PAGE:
The Canadian government also provides favorable capital cost allowances, allows exploration expenses to be claimed at a 100 percent deduction, and allows development expenses to be deducted at 30 percent. The government also offers a C$1.5 billion critical minerals infrastructure fund and investment tax credits of 30 percent for exploration activities.

In addition to these tax benefits, Canada offers the Mineral Exploration Tax Credit (METC), a 15 percent non-refundable tax credit that can be applied by investors against tax they would otherwise pay for a year and may be carried back three years and carried forward 20. In 2024, Deputy Prime Minister and Minister of Finance Chrystia Freeland announced that the current METC, set to expire on March 31, 2024, will instead be extended through 2025.

In the US, the Inflation Reduction Act provides a US$7,500 per vehicle consumer tax credit when purchasing electric vehicles from select suppliers. By 2026, 80 percent of all EV components will need to be extracted and processed either in the US or with one of the country's free trade partners. If at least half of a battery's components are manufactured or assembled in North America, there is also an additional US$3,750 tax credit.

Most notably, the legislation extends additional loan guarantees of up to US$40 billion to support critical minerals projects.

Together, these incentives are being leveraged by junior mining companies to fuel a new wave of exploration and development in highly prospective regions, such as BC and the Yukon. Already, there are many different copper projects at varying stages of development across North America.

Below, we've listed a few of the more promising investment possibilities.


Located immediately north of the Copper Mountain mine, Quetzal Copper’s 11,500 hectare Princeton copper property houses multiple promising anomalies, including three drill-ready targets. Quetzal identified Bud South and Knob Hill as particularly high-priority targets — both have standout geophysical anomalies with supporting trenching and drilling data. Drilling is set to commence in 2024.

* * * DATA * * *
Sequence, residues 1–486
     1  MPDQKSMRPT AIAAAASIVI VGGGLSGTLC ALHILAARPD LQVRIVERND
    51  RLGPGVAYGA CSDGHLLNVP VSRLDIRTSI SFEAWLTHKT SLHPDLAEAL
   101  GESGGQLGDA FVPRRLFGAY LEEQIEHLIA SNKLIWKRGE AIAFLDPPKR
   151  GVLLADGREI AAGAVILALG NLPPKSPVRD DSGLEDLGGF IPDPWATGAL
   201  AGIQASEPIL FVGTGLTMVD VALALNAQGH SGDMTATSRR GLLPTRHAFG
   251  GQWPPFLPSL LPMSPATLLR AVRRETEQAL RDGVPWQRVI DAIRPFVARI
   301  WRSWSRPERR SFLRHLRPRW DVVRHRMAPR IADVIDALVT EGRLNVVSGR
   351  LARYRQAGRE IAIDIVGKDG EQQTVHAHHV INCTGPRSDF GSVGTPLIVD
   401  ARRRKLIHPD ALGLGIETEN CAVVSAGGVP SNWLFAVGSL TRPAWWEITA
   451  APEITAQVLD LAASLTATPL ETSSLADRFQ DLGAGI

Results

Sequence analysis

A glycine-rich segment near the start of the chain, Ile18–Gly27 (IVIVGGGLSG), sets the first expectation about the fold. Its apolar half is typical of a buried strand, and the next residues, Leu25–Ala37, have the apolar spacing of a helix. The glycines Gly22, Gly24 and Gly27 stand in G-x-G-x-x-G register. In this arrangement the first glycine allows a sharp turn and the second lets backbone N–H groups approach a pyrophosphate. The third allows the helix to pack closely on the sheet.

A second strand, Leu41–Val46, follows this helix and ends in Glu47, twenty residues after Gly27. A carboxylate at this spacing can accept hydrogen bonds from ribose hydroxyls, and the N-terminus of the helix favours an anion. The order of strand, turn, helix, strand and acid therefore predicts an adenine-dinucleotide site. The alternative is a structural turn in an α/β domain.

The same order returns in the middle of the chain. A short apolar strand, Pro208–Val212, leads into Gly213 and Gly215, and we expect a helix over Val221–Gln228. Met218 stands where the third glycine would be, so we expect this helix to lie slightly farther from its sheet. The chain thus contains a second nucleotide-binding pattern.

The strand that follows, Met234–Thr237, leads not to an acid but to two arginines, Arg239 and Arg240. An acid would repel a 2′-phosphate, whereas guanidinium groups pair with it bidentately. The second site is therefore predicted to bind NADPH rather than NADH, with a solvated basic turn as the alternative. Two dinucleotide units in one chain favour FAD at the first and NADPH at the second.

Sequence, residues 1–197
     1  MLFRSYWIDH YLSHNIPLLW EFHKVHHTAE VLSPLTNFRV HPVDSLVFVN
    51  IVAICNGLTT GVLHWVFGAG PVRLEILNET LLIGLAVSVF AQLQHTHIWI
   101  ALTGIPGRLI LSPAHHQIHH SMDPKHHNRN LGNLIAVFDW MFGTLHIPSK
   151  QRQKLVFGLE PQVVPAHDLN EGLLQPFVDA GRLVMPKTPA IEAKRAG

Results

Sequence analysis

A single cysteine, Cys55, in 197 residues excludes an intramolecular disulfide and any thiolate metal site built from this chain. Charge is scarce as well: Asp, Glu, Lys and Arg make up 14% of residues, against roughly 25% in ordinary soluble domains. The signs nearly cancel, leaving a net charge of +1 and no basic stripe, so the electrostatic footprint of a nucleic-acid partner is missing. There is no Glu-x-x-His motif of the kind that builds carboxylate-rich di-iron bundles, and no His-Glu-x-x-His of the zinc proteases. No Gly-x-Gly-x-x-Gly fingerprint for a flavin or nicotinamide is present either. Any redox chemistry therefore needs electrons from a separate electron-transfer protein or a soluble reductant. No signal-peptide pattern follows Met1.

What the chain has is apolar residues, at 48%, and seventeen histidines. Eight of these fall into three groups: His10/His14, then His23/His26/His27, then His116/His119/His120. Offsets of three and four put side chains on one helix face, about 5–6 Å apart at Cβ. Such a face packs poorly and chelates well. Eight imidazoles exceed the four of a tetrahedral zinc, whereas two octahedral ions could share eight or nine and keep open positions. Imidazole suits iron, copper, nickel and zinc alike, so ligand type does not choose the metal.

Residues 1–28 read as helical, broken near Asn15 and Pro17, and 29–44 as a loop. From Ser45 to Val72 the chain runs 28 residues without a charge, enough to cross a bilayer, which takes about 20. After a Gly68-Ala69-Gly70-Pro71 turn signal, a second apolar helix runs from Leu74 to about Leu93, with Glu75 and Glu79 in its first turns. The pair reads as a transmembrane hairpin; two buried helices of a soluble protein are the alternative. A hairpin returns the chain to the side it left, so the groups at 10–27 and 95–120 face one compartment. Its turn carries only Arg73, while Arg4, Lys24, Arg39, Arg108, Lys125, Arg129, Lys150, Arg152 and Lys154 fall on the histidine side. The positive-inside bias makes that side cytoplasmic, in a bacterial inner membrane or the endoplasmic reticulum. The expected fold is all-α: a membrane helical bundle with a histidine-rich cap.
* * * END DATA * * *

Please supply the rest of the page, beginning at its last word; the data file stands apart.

Quetzal has the option to earn 80 percent interest in the Princeton project, as well as the option to earn a 100 percent interest in the Big Kidd and DOT properties near Merritt, BC.

Black Butte

Notable for being one of the world's highest-grade undeveloped copper projects, Black Butte is 87 percent owned by Sandfire Resources (ASX:SFR) subsidiary Sandfire Resources America (TSXV:SFR,OTCQB:SRAFF). Sandfire intends to combine best-practice technology and modern mining techniques to develop Black Butte into an underground mine that has a minimal environmental impact and a low surface footprint. In February 2024, Sandfire scored a major win on the project when the Montana Supreme Court reversed a 2022 decision to invalidate its mining permit.

Murray Brook West

Owned and operated by Canadian Copper (CSE:CCI), Murray Brook West is an underexplored project located adjacent to the Murray Brook deposit. Due to the fact that it is situated between the Caribou and Restigouche mines, the property is highly prospective for copper. Future work at the property will involve comprehensive exploration and drill target development, including prospecting activities geared toward identifying potential mineralization.

Investor takeaway

Copper is arguably one of the most critical minerals to both electrification and the clean energy transition. Unfortunately, current copper supply is not keeping pace with demand. In order to change that, governments are working to incentivize further exploration and development with the goal of developing a stable domestic supply.

In North America, this represents a considerable investment opportunity — anyone interested in adding copper properties to their portfolio would do well to pay attention.

This INNSpired article is sponsored by Quetzal Copper (TSXV:Q). This INNSpired article provides information which was sourced by the Investing News Network (INN) and approved by Quetzal Copperin order to help investors learn more about the company. Quetzal Copperis a client of INN. The company’s campaign fees pay for INN to create and update this INNSpired article.

This INNSpired article was written according to INN editorial standards to educate investors.

INN does not provide investment advice and the information on this profile should not be considered a recommendation to buy or sell any security. INN does not endorse or recommend the business, products, services or securities of any company profiled.

The information contained here is for information purposes only and is not to be construed as an offer or solicitation for the sale or purchase of securities. Readers should conduct their own research for all information publicly available concerning the company. Prior to making any investment decision, it is recommended that readers consult directly with Quetzal Copper and seek advice from a qualified investment advisor.